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PHILADELPHIA – Even now, with her beauty faded, the casual observer can see why there has never been an ocean liner quite as grand as the SS United States.
Docked at Philadelphia’s Pier 82 on the Delaware River, so much about the ship remains exceptional. Close to 1,000 feet long, she’s nearly as long as the Empire State Building is tall. And with a hull constructed almost entirely out of aluminum, she was fast and light. To this day, she holds the passenger liner record for crossing the Atlantic Ocean.
“It’s the most famous ship that didn’t sink,” said Susan Gibbs, executive director of the SS United States Conservancy. “It came after the Titanic, and frankly, it could go faster in reverse than the Titanic could go forward.”
That pride springs from her personal connection to the ship. Her grandfather, William Francis Gibbs, conceived of the ship’s unique design around 1916. He labored for nearly 40 years to bring his dream to life. Combing through his letters, she discovered the depths of his obsession.
“He was absolutely in love with his ship,” she said. “He would tell reporters that he loved this ship more than his wife, more than life itself.”
That obsession resulted in a ship that was designed faster, stronger and safer than any that had ever occupied the Atlantic.
“The Titanic motivated my grandfather that his ship would not succumb to catastrophe,” Gibbs said. “You can’t set her on fire, you can’t sink her and you can’t catch her. He was maniacal about safety on the vessel.”
Ready for war
But it took more than monomaniacal dedication to bring the ship to life. In the end, it was the U.S. military that stepped up to help finance Gibbs’ dream. After World War II, the U.S. had been forced to rely on British ships to bring troops home from Europe. Gibbs pitched the ship as vital to national security.
“He was like, ‘Gosh darn it, we need our own ship that is able to do that,’” Susan Gibbs said.
With the Cold War looming, the military agreed and financed two-thirds of his dream. If war with Russia ever were to come, it could quickly convert to transport 14,000 troops up to 10,000 miles without refueling.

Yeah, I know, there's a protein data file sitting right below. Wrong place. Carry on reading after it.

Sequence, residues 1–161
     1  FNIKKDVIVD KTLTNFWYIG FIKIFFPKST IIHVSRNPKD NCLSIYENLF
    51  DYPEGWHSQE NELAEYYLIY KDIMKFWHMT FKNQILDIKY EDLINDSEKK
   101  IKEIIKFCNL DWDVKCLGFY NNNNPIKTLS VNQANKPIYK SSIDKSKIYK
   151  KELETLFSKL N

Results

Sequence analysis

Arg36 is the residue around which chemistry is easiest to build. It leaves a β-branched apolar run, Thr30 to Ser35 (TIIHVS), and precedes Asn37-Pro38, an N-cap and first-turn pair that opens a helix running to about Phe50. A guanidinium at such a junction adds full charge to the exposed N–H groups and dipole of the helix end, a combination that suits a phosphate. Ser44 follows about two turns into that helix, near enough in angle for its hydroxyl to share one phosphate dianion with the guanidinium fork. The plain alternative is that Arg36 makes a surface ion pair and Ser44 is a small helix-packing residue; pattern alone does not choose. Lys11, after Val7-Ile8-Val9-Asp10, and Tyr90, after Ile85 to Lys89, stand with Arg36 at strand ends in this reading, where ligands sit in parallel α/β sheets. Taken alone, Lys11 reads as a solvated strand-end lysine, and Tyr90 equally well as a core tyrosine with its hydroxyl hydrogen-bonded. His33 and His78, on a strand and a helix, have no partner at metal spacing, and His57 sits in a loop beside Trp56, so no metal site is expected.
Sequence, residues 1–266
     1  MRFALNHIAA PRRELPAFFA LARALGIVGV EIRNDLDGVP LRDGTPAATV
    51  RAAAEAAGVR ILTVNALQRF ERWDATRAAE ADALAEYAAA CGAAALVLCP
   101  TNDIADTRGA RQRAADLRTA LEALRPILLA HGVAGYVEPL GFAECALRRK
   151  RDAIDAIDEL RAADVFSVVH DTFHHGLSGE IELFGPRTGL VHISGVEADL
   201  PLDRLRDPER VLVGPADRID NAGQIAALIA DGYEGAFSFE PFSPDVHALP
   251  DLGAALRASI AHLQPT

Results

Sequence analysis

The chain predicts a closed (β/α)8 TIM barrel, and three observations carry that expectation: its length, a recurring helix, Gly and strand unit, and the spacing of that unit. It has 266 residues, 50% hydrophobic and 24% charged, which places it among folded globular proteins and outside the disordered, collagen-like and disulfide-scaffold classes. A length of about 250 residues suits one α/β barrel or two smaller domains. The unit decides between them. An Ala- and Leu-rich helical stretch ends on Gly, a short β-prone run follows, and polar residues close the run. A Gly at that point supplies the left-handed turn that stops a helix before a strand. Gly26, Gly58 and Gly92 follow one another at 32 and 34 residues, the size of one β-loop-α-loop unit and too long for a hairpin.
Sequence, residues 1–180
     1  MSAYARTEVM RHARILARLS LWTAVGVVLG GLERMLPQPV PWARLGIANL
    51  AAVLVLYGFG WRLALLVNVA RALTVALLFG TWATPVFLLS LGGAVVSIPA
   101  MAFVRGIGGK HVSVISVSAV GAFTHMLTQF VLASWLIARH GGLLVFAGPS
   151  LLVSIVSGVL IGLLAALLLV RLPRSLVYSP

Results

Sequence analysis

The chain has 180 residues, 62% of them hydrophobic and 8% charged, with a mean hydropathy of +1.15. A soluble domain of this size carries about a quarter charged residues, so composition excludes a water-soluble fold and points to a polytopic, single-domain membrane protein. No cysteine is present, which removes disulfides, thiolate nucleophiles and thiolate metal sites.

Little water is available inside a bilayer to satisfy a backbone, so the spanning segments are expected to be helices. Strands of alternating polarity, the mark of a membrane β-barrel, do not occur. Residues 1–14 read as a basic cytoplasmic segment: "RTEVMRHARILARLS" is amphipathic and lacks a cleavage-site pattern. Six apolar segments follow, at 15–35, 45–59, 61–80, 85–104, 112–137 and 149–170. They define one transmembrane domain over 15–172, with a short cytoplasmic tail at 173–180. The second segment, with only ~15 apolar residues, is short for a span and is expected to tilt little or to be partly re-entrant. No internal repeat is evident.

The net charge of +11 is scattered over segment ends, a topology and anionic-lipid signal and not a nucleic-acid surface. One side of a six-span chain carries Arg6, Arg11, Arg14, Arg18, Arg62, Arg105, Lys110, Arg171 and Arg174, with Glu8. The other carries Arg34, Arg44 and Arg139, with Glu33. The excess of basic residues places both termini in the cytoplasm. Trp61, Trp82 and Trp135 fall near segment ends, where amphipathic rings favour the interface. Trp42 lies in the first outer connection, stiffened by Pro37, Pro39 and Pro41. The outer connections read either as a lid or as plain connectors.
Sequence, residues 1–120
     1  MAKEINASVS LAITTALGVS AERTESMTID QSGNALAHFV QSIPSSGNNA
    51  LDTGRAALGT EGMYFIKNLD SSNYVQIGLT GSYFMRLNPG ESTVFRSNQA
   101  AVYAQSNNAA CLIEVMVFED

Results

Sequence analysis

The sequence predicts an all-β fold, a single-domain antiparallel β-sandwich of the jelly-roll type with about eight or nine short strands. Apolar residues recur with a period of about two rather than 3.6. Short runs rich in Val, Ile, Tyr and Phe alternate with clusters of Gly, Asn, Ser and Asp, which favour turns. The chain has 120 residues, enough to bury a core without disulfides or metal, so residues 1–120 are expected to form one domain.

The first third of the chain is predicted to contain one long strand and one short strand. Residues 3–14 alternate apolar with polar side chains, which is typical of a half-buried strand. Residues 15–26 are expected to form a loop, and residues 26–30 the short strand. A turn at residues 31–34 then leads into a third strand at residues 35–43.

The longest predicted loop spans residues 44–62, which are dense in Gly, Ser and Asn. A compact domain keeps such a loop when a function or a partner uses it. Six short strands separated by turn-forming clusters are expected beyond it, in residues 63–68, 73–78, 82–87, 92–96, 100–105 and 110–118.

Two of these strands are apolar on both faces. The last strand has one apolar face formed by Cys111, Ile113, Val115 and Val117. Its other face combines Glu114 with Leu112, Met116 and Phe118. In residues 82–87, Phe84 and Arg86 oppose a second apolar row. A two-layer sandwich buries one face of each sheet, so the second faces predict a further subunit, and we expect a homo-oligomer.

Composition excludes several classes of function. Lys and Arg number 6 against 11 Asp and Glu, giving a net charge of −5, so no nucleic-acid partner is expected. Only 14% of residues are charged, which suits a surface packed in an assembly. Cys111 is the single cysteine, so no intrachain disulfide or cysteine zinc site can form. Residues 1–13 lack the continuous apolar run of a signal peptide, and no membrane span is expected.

Yet, it never received the call to military service. Instead, the SS United States became synonymous with luxury, attracting much of the country’s elite in two decades of service. She carried more than 1 million people on her decks, including A-list Hollywood celebrities and presidents Harry S. Truman and John F. Kennedy.
It’s the most famous ship that didn’t sink. It came after the Titanic, and frankly, it could go faster in reverse than the Titanic could go forward.
SS United States Conservancy
As one of the main forms of trans-Atlantic transportation, the ship also carried thousands of immigrants to a life in the new world.
“There were thousands and thousands of ordinary Americans that would use this vessel to get overseas to Europe, and there were just as many immigrants that came to this country aboard the SS United States,” said Dan McSweeney, also a member of the SS United States Conservancy. “After Ellis Island was shut down, this became a floating immigrant processing center. So a lot of people, including my own father, came to America in connection with the SS United States.”
McSweeney’s father fell in love with the ship, too. He left his home in Scotland, and in 1952 came aboard as a steward. He served her first-class passengers for 17 years, through her final crossing in 1969. “It did 800 trans-Atlantic crossings and never had a mishap, was always on time,” McSweeney said. “So, this is the anti-Titanic.”
Sending out an S.O.S.
But what couldn’t be sunk by Atlantic icebergs was eventually done in by the jet airplane. By the late 1960s, air travel became so popular that the luxury liner was obsolete. Her ballroom fell silent. The first-class cabins were stripped bare. Today, the ship is an aging curiosity, viewed mostly from a distance. At $60,000 a month, keeping her berthed in Philadelphia is shockingly expensive, and that doesn’t take into account any repairs. Her caretakers calculate that it would take $1 billion to put her back on the high seas. At some point soon, they admit, the only option might be to sell her for salvage.
“It would break my heart. The ship is the last of its kind,” said Susan Gibbs. “It’s the last great ocean liner. It bears the name United States and for us to just let it go would be tragic, really. We can’t get her back if that happens.”
To prevent that from happening, the SS United States Conservancy, led by Gibbs and McSweeney, is looking to find a savior for the ship, one with the vision to see it as 5,000-square feet of floating waterfront property.
As the clock ticks down, one potential investor recently submitted a formal proposal to New York’s Economic Development Corporation to bring her back home.
“New York City is a great place for this ship to return to,” McSweeney said. “It sailed from New York for 17 years. It’s an amazing piece of engineering and design. It’s also a great symbol of our country and the opportunity that our country offers.”
It’s a voyage that Susan Gibbs said even the ship herself is eager to take.
“She still has this incredible strength,” Gibbs said. “You see the ship sitting there, she’s held fast by these bright blue lines and you just get the sense that she’s like, ‘I am ready to get on with it … I’m ready to go somewhere and into my next chapter.’”